Ex-All Blacks halfback Justin Marshall believes his former side cannot face the Wallabies in Perth this weekend without the services of star loose forward Ardie Savea.
Plenty has been made of the make-up of the All Blacks’ loose forward trio, with speculation swirling about captain Kieran Read moving from No 8 to blindside flanker to accomodate both Savea and openside flanker Sam Cane.
Savea, an openside flanker who can cover No 8, has been in career-best form in 2019, leading to an ongoing public debate as to how, if at all, both he and Cane can both feature in the starting side for the national team.
Marshall, who played 81 tests for the All Blacks between 1995 and 2005, told Fox Sports that Savea must start regardless of his role in the back row.
“The metres he’s making through the middle are incredibly important to breaking down that aggressive defence because it gravitates players in toward [the] ruck and narrows them up,” he said.
“You need a strong ball carrier. They definitely have to have him on the field and that puts pressure on the other two players in the loose forwards who then have to complement him.”
The 46-year-old noted that the biggest issue around fitting Savea into the starting side, however, lay with Read’s position in the side as captain.
“He’s the captain of the All Blacks and he has only ever played No 8,” Marshall said, despite the 119-test veteran having played four of his first nine All Blacks tests at blindside flanker and having previously played there for the Crusaders earlier in his career.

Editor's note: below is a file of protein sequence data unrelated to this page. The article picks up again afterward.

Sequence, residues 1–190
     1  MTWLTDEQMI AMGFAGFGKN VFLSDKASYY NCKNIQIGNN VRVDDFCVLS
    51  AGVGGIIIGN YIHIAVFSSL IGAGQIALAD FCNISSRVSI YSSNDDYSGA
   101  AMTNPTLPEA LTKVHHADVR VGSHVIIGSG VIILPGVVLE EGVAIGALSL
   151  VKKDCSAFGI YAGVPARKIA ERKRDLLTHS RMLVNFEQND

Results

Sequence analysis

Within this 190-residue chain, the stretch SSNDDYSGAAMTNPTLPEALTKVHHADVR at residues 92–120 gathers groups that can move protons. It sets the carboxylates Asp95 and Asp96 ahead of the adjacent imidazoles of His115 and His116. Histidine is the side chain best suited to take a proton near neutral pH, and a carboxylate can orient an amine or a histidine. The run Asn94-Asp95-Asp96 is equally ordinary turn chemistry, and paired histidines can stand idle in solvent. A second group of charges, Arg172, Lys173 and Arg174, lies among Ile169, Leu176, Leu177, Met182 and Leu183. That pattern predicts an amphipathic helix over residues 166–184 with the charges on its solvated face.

“But they’ve got to work their way through it.
“For me, Ardie Savea simply has to be on the field.”
Marshall went on to say that the All Blacks had struggled to adapt to suffocating defence systems in the early rounds of this year’s Rugby Championship against Argentina and South Africa, which led to a tense 20-16 against the Pumas, and a 16-all draw against the Springboks.
“I certainly feel that — and the All Blacks are aware of this and it’s why they’re working hard on it — that the aggressive out-to-in deep defence, so the outside, the centre in particular and the wingers, coming up right in the eye line of the receivers and making them feel like that there’s no space on the outside, the All Blacks are struggling with it a little bit.
“They’re hellbent on trying to use their wingers and get them into the game – it’s a strength of New Zealand rugby – but they’re struggling to get them it to them at the moment.
“They have to work through that and get to the point where they are confident to be able to use the ball on attack and break that defence open, and at the moment they still haven’t quite figured it out, so that is a vulnerability.”
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